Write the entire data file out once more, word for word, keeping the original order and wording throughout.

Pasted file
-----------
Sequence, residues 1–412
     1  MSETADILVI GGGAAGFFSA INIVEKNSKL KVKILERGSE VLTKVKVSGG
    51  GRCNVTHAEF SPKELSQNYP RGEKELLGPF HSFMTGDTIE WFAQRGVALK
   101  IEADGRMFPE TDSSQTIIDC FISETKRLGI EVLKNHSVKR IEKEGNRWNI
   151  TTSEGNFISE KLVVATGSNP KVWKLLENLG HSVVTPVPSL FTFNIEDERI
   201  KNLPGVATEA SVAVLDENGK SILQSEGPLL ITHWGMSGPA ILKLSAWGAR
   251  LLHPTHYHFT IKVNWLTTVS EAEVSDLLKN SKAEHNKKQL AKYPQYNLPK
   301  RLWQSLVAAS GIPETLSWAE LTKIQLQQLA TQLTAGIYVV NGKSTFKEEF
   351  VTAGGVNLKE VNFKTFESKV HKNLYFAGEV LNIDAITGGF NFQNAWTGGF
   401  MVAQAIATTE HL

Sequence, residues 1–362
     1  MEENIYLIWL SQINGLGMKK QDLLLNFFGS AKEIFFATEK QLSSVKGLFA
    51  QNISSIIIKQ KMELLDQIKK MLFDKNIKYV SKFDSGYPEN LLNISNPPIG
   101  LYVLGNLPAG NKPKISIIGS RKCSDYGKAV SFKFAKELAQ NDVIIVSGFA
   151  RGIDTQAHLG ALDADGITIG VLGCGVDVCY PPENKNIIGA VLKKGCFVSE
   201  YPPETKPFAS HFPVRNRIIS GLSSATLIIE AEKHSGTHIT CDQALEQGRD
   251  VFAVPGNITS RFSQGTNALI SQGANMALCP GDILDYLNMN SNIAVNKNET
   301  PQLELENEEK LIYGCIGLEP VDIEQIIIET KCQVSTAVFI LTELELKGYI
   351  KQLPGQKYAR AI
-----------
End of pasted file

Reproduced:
Sequence, residues 1–412
     1  MSETADILVI GGGAAGFFSA INIVEKNSKL KVKILERGSE VLTKVKVSGG
    51  GRCNVTHAEF SPKELSQNYP RGEKELLGPF HSFMTGDTIE WFAQRGVALK
   101  IEADGRMFPE TDSSQTIIDC FISETKRLGI EVLKNHSVKR IEKEGNRWNI
   151  TTSEGNFISE KLVVATGSNP KVWKLLENLG HSVVTPVPSL FTFNIEDERI
   201  KNLPGVATEA SVAVLDENGK SILQSEGPLL ITHWGMSGPA ILKLSAWGAR
   251  LLHPTHYHFT IKVNWLTTVS EAEVSDLLKN SKAEHNKKQL AKYPQYNLPK
   301  RLWQSLVAAS GIPETLSWAE LTKIQLQQLA TQLTAGIYVV NGKSTFKEEF
   351  VTAGGVNLKE VNFKTFESKV HKNLYFAGEV LNIDAITGGF NFQNAWTGGF
   401  MVAQAIATTE HL

Sequence, residues 1–362
     1  MEENIYLIWL SQINGLGMKK QDLLLNFFGS AKEIFFATEK QLSSVKGLFA
    51  QNISSIIIKQ KMELLDQIKK MLFDKNIKYV SKFDSGYPEN LLNISNPPIG
   101  LYVLGNLPAG NKPKISIIGS RKCSDYGKAV SFKFAKELAQ NDVIIVSGFA
   151  RGIDTQAHLG ALDADGITIG VLGCGVDVCY PPENKNIIGA VLKKGCFVSE
   201  YPPETKPFAS HFPVRNRIIS GLSSATLIIE AEKHSGTHIT CDQALEQGRD
   251  VFAVPGNITS RFSQGTNALI SQGANMALCP GDILDYLNMN SNIAVNKNET
   301  PQLELENEEK LIYGCIGLEP VDIEQIIIET KCQVSTAVFI LTELELKGYI
   351  KQLPGQKYAR AI